MIAMI— When Didier William was six years old, his parents liquidated most of their possessions and spent the $7,000 proceeds to flee Port-au-Prince for America. William frequently inquired about Haiti as a kid growing up in North Miami. They dismissed his inquiries by stating “nou kite tout sa dèyè” — Creole for “we’ve left that all behind.”
By ASHLEY MIZNAZI
The title of William’s biggest art exhibition, “Nou Kite Tout Sa Dèyè,” is on display at the Museum of Contemporary Art North Miami until April 16 in the neighborhood where he grew up.
“I think embedded in that title is the irony of that statement, which is that you can’t leave it behind,” William explained. “It lingers with you. It’s the very fabric of what it means to be an immigrant… the kind of entwined connection we have with the society we abandoned, which is America.”
The MOCA North Miami show, organized by Erica Moiah James, includes more than 40 pieces of Williams’ work, including some of his most recent paintings and his first 12-foot tall wooden body representing a pillar used in Vodou rituals.
“It was critical to me that his voice dominated the experience,” James explained. “As an editor, I had a light hand. I could weave those stories together, but Didier was the work’s voice.” Visitors are welcomed at the gallery’s entry by a documentary of William and his sketchbooks, which provide a feel of his process. In the broader context, William’s art emphasizes his ties to Haiti. The parts come together to form a narrative of growing up Haitian in South Florida in the 1990s and early 2000s.
By combining printing and collage, William paints androgynous figures on wood panel backgrounds and carves eyeballs into the surfaces. His art draws on his personal link to immigrant and queer narratives, shaping the gaze felt by marginalized bodies through recollections and historical events.
William, who now lives in Philadelphia and commutes to Rutgers, is hesitant to label his art show a homecoming because of the major changes that have occurred in Miami and within himself since he departed. Art Basel was a space at a conference centre when William was in high school, and there was only one major museum downtown. He felt compelled to relocate to a place with better facilities for artists.
He received his bachelor education at the Maryland Institute College of Art in Baltimore and his doctoral education at the Yale School of Art in New Haven, Connecticut. “Now that I’ve returned, it’s incredible to see the incredible support that young Black Haitian artists are receiving in South Florida,” William said. When the 39-year-old returns to Miami, he is flooded with recollections of his early childhood events, such as learning English and having summer jobs. The MOCA North Miami is located just a few steps down from the dollar shop where he previously worked.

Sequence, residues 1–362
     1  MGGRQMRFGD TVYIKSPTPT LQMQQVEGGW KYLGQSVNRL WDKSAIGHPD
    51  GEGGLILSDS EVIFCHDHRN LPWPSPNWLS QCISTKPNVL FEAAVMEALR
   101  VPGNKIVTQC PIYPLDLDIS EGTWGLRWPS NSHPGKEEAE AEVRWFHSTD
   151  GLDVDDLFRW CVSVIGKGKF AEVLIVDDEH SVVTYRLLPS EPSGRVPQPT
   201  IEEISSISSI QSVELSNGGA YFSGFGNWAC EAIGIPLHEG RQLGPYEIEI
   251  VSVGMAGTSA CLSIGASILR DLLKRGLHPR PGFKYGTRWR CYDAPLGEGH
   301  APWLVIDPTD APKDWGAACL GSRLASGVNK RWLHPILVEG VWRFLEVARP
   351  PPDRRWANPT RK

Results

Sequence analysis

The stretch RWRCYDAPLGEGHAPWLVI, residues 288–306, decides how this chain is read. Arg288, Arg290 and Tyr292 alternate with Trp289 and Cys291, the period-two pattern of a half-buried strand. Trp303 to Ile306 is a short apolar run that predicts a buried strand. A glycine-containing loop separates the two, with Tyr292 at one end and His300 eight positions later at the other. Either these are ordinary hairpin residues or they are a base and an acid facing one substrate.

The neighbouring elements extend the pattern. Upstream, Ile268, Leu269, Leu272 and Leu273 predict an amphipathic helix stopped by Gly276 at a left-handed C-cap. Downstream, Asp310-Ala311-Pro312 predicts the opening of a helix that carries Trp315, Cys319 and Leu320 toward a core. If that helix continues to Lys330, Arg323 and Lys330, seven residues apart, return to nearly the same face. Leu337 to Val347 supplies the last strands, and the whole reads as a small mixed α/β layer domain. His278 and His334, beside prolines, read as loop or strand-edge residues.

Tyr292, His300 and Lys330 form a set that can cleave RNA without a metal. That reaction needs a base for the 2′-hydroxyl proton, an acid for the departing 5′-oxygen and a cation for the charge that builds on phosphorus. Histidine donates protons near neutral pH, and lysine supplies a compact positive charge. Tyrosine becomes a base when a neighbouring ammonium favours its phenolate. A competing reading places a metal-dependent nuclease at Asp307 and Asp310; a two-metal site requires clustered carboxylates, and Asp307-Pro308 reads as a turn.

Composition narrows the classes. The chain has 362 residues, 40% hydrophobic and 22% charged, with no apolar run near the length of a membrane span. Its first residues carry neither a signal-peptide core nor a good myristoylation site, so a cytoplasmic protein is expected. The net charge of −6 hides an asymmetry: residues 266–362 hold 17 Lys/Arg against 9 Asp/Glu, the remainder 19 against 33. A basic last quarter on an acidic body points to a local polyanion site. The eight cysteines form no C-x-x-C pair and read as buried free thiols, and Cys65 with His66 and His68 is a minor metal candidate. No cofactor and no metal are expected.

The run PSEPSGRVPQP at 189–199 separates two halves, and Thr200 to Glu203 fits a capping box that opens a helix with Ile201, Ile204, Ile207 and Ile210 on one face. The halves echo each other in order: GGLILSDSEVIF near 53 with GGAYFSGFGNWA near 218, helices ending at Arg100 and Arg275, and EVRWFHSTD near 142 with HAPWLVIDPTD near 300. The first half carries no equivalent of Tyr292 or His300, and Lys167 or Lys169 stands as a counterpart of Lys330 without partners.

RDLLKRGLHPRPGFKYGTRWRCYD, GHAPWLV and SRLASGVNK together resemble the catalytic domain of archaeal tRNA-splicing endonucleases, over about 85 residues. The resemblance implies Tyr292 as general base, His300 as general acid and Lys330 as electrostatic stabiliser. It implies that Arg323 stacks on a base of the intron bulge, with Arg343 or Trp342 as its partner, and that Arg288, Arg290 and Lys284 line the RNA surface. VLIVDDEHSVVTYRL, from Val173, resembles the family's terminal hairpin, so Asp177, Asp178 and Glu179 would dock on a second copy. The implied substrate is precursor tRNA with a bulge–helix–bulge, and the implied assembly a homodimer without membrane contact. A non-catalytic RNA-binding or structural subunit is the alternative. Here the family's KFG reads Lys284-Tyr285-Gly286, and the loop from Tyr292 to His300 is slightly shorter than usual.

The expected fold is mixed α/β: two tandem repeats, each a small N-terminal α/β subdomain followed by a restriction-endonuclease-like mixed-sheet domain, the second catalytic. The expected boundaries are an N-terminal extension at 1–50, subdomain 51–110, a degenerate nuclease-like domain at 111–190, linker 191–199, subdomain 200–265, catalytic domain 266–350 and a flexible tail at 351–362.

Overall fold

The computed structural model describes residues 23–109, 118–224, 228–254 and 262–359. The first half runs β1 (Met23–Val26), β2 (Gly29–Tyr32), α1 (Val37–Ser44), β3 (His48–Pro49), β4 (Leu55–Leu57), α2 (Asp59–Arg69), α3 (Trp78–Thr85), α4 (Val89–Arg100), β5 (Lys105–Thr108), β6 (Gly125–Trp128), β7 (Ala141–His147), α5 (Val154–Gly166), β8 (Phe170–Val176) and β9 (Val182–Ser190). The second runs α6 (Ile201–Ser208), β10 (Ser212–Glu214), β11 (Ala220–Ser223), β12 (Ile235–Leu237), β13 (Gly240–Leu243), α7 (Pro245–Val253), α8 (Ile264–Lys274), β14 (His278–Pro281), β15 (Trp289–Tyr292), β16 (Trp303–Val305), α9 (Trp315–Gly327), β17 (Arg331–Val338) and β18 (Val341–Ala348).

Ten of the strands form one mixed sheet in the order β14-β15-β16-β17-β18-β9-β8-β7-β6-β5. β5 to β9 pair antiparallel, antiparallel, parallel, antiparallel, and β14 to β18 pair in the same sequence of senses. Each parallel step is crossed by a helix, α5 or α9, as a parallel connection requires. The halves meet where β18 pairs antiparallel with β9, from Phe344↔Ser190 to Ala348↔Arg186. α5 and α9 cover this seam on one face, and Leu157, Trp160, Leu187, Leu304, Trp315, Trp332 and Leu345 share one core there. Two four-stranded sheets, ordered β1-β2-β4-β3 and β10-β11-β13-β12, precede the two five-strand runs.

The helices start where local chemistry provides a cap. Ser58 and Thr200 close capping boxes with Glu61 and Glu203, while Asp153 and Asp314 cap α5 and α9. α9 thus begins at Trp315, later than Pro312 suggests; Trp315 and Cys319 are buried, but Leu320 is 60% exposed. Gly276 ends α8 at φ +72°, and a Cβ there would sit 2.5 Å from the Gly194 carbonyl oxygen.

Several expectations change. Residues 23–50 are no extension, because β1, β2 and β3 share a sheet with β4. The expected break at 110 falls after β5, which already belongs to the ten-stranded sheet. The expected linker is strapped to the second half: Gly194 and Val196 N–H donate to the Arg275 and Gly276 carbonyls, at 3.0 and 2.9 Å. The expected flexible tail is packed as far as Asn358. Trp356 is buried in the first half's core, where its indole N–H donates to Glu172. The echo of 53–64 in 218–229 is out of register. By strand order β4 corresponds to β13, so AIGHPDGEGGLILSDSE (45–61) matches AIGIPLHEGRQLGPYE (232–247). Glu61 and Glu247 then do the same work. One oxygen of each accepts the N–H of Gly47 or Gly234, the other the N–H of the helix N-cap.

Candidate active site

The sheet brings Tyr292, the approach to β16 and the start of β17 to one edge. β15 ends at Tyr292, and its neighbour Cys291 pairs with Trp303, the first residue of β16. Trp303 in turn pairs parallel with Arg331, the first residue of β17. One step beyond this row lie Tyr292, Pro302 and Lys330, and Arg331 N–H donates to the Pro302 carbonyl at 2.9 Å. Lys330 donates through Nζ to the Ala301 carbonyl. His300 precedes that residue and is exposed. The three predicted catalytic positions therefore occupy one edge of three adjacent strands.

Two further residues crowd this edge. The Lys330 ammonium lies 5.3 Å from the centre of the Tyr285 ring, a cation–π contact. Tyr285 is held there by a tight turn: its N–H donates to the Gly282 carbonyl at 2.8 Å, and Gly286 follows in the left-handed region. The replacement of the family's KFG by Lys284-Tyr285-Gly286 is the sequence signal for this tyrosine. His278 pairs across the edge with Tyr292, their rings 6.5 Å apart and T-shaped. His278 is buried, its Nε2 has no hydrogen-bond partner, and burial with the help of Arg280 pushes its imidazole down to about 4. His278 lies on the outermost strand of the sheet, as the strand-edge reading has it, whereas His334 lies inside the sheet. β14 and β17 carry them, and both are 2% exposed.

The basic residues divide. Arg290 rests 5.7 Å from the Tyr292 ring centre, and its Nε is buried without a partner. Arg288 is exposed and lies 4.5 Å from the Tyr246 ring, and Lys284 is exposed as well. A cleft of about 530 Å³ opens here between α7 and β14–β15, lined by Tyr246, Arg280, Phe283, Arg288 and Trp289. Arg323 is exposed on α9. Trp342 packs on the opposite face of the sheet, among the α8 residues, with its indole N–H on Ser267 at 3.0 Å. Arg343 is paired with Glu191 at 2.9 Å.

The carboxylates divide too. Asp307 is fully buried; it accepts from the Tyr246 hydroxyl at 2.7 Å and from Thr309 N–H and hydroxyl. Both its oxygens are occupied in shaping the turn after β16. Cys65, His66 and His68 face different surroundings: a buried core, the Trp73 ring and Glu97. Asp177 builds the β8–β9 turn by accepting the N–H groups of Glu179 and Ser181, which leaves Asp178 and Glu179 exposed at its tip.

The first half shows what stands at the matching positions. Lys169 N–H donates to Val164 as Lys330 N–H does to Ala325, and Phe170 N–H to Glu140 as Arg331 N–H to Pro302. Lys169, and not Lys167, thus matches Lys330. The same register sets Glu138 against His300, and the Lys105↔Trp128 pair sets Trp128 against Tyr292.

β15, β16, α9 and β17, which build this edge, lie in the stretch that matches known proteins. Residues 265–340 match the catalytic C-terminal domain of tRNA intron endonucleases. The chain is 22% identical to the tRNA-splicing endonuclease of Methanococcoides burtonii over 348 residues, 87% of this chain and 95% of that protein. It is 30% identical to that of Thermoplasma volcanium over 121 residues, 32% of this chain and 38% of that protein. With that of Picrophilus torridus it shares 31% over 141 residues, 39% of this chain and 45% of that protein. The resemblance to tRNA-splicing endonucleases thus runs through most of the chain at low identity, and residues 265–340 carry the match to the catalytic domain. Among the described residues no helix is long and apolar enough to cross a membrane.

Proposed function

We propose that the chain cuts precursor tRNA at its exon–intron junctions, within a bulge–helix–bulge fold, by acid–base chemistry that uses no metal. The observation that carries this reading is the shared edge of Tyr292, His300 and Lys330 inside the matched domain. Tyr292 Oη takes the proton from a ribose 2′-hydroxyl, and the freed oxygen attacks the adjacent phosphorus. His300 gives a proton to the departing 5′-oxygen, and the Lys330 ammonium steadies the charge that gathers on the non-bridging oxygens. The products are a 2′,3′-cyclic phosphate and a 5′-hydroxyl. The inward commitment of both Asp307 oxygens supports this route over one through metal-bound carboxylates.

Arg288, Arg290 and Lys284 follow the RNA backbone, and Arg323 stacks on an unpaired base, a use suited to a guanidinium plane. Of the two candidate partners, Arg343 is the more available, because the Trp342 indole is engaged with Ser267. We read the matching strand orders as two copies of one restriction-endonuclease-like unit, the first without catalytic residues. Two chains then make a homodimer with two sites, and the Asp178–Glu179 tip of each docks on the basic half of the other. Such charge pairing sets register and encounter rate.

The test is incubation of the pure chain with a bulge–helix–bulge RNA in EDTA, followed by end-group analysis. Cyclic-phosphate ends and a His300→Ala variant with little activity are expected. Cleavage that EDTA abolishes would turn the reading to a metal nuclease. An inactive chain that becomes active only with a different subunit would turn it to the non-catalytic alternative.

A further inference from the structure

“I’d go across the street to Taco Bell for lunch, park very close to the museum, sit in my car, and then go back to work,” William explained. “Coming back and having a mid-career retrospective at that museum feels redemptive in some ways.” It appears that a complete circle event is taking place.”
One of Miami’s busy weekends
Between November 29 and December 4, 2022, Miami becomes a public spectacle during Art Basel, an international art exhibition that draws thousands of art aficionados, gallery owners, and buyers to the city to meet, attend conferences, and party.
The formal Art Basel Miami Beach exhibit will be held at the Miami Beach Convention Center, but there will be over 1,200 galleries throughout town, as well as other shows such as Miami Art Week and Art Miami taking place simultaneously.
Discovering oneself and one’s work
In college, William started to create work that shifted away from referencing history or telling family tales and towards more personal experiences. It got him to the place in graduate school where he could be honest about his sexuality, which opened up new avenues in his work. “I think something that is seldom discussed is that when one goes through this process of honesty with oneself, what we call coming out,” William said, “we realize that a lot of other things are buried in that closet as well.”